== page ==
Woodworker Shaping New Career Into Paddleboard Company

Josh Williams’ adventurous spirit comes from his mom’s side of the family and his self reliance comes from his dad’s side whereas his knack for boat building was absorbed from both lines of ancestry.

With a newly-expanded garage at his Longmont home, the woodworker anticipates transitioning out of the construction career he’s held for 25 years into a new business venture called Core Boards.

“I’m looking to crawl out of bed, crawl into my garage, build a paddleboard, and when the weather’s nice and I feel like going out, I go out,” he said. “It’s more of a lifestyle kind of thing. I’ve been in construction long enough to realize if you build anything out of wood you’re never gonna get rich.”

Core Boards was formally shaped in 2016 out of his love of water sports and his ability to create nearly anything from wood — but also from his wife’s request seven or eight years ago that she have her own board to stand-up paddle on.

The years went by and Megan Williams, realizing that her husband is capable of making anything, but also realizing he doesn’t have enough hours in the day, said, “I got sick of waiting.”

She returned one day from Target with a roll-up rubber paddleboard before their vacation to Bend, Ore., where the couple and their two daughters played in the water for the whole week.

“So we get back from Bend, Ore., and he starts to make the board,” she said. “…As it’s coming along, I’m like, ‘Oh my gosh, this is beautiful.’ So when he got the first one done, I was like, ‘Honey, I’ve seen you make a lot of things but this is like, beautiful. Absolutely beautiful. I think you made really good stuff but this is kind of really good.'”

And then they took it to the water to test its buoyancy. It passed.

“It’s always been in the back of my mind,” Josh Williams said about building water vessels. “All my ancestors were boat builders…So I was like, eh, well maybe boat building is a thing for me.”

Josh Williams said on his paternal side, the men were ship builders who had emigrated from Europe to the U.S. to build the vessels on the Mississippi River. He said on his maternal side, his grandfather was a hobby boat builder, crafting a wooden motor boat and canoe that’s still in the family.

A framed black-and-white photo at his house shows that same canoe strapped to a now-vintage model car in a campsite somewhere along the California coast, where his grandparents honeymooned either in 1939 or 1940.

In researching the paddleboarding pockets in California, Texas, North Carolina and Florida, Josh Williams has gleaned understanding that the market is strictly seasonal and based on a fiscally flexible clientele. But the popularity isn’t slowing.

A report by analysts with Research and Markets forecasts that the stand-up paddle board market could grow at a compound annual growth rate of 15 percent between 2016 and 2020.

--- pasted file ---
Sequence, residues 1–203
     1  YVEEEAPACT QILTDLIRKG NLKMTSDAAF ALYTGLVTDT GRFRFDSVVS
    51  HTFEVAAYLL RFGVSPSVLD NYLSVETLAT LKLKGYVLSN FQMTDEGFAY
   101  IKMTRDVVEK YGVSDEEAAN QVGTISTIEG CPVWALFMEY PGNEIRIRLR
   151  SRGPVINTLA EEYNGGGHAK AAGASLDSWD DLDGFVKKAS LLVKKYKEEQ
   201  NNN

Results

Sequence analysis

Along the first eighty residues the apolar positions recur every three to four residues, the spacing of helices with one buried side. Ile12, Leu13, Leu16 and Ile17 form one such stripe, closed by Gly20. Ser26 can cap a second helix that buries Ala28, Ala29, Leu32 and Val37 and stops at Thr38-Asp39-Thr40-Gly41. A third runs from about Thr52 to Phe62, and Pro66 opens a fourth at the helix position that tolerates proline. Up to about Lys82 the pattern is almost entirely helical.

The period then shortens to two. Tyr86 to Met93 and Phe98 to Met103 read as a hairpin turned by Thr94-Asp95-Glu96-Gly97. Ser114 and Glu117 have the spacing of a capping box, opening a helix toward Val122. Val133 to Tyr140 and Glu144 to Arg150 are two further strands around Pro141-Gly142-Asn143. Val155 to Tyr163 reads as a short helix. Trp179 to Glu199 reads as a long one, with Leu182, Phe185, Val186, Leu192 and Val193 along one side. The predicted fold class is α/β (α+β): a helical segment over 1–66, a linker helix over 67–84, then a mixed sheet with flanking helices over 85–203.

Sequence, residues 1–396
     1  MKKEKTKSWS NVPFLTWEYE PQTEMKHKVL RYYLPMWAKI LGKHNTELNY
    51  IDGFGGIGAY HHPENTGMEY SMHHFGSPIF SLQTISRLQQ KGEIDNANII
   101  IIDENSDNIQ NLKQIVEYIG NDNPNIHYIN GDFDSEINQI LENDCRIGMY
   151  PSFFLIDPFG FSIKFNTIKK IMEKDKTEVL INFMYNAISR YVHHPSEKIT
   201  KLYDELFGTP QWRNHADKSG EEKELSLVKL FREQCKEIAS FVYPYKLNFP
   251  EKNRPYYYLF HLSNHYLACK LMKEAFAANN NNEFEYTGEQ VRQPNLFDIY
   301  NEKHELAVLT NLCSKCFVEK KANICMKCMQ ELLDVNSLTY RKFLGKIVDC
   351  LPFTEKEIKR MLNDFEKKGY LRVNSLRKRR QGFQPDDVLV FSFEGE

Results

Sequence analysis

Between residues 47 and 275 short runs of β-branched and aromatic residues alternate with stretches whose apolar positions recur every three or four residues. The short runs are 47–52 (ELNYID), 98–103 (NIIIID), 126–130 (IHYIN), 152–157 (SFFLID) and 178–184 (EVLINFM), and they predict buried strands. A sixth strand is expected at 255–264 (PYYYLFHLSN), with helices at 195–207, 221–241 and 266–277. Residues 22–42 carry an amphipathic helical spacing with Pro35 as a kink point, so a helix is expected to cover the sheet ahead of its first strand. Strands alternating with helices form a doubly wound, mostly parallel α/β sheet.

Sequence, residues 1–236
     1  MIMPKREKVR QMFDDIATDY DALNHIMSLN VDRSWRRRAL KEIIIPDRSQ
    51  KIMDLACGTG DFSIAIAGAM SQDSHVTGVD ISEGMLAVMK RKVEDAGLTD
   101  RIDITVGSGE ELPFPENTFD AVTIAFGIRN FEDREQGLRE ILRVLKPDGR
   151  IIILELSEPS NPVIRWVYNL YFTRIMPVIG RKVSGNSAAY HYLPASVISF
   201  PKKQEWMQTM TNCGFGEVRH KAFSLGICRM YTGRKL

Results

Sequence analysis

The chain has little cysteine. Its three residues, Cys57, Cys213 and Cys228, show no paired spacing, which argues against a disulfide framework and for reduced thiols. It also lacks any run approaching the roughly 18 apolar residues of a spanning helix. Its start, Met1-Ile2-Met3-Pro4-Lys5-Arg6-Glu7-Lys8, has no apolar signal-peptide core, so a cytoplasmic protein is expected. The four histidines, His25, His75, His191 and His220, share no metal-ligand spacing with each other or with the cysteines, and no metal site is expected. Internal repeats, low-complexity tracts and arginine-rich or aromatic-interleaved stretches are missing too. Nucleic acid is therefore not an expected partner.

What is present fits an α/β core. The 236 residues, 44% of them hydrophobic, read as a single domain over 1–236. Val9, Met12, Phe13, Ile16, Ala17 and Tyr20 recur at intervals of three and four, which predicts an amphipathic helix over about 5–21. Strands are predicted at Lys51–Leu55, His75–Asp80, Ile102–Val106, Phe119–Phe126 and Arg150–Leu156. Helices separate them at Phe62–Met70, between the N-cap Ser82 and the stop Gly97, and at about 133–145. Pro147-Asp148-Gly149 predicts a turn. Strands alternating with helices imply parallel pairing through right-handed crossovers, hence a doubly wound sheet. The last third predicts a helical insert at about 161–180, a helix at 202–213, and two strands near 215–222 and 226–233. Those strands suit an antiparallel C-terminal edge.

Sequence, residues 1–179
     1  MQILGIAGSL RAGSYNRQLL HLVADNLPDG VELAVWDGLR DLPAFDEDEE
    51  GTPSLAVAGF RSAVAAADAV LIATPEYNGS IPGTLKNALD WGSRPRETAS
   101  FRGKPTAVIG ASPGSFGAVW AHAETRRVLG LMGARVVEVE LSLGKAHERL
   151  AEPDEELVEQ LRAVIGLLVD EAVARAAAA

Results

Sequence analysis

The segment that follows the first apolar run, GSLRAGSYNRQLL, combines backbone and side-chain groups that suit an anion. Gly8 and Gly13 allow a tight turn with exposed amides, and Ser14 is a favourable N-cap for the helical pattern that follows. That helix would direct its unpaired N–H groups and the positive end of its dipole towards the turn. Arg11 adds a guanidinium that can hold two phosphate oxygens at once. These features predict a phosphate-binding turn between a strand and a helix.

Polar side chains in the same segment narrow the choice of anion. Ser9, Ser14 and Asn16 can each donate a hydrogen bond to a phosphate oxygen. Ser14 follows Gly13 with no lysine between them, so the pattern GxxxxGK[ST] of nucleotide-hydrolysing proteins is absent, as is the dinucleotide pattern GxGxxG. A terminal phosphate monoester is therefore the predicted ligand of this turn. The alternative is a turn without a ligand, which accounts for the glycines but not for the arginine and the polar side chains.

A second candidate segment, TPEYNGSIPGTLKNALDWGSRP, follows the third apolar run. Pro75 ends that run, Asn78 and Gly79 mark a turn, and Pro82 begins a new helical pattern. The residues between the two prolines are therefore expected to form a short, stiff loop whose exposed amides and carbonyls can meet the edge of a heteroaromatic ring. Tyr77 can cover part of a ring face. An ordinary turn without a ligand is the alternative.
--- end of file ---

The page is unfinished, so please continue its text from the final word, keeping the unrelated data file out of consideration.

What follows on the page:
“The clients that are looking for paddleboards are way more apt to talk about it rather than when you’re building somebody’s basement,” he said, noting a motivation he’s wanting to step away from his construction business.

To make a custom paddleboard, Josh Williams hand-cuts strips of different woods — paduke, walnut, rosewood, purple heart and mainly cedar — that are glued together, shaped and varnished over a hollow core.

“That’s part of the charm of these things is everything is hand done,” he said. “It adds to the challenges for sure, but once you get it, you’re like, oh that’s nice.”

His beginner board that’s stable enough for touring, surfing, lazy floating and yoga is more than 11-feet long, weighs 45 pounds and costs $3,800. A similar board for a paddler weighing less than 150 pounds costs $3,600. And his custom race board is 14-feet long, weighs about 45 pounds and runs $4,300.

Paddles are sold separately, and Josh Williams recommends the American-made Bending Branches company.

He said he’s fiddling with different jig systems that could make the process more efficient and a variety of shapes, such as rounded versus pointed noses to differentiate between boards for racing and boards for yoga. He also said he hopes to be building multiple boards at once. now that he has the room to maneuver them in his garage add-on, which smells strongly of the different woods.

“At this point in my life, I just want to enjoy and it’s a lot of fun,” he said. “I love the hand-shaping part of it. It kind of takes you back to the old days…The sound and the curls coming off the wood. That’s what I love. That’s what being a carpenter is all about.”

Luckily for him, his family revolves around the water so he expects to receive plenty of feedback when the boards are ready for the float and tip tests.

Megan Williams is a physical education and health teacher at Twin Peaks Charter Academy during the school year and a swim coach at The Fox Hill Club in the summer. Their daughters, Katelyn, 11, and Lindsay, 8, swim.

“If we’ve been dry for longer than a day, it’s been pretty amazing,” Megan Williams said. “We do a lot of swimming. And if we’re not in the water, we’re on top of the water. And if we’re not on top of the water, we’re hiking to water or something. And in the winter, we’re on frozen water. All water.”

And Josh Williams, though he said he’s not a master paddleboarder even after racing a few times, finds thrill in kayaking and rafting rapids.

Maybe one day he’ll build a canoe or different type of boat, he said.

Racks on the garage walls now hold several finished boards and a few in progress as well as the inflatable board Megan Williams continues using out of fear of mishandling the wooden ones.

“Every time we take one of these to the lake, everybody is like, ‘Whoa, where’d you get that?'” she said, adding her response. “He made it. What? He made it. ‘Woah, where can I get one of those?'”

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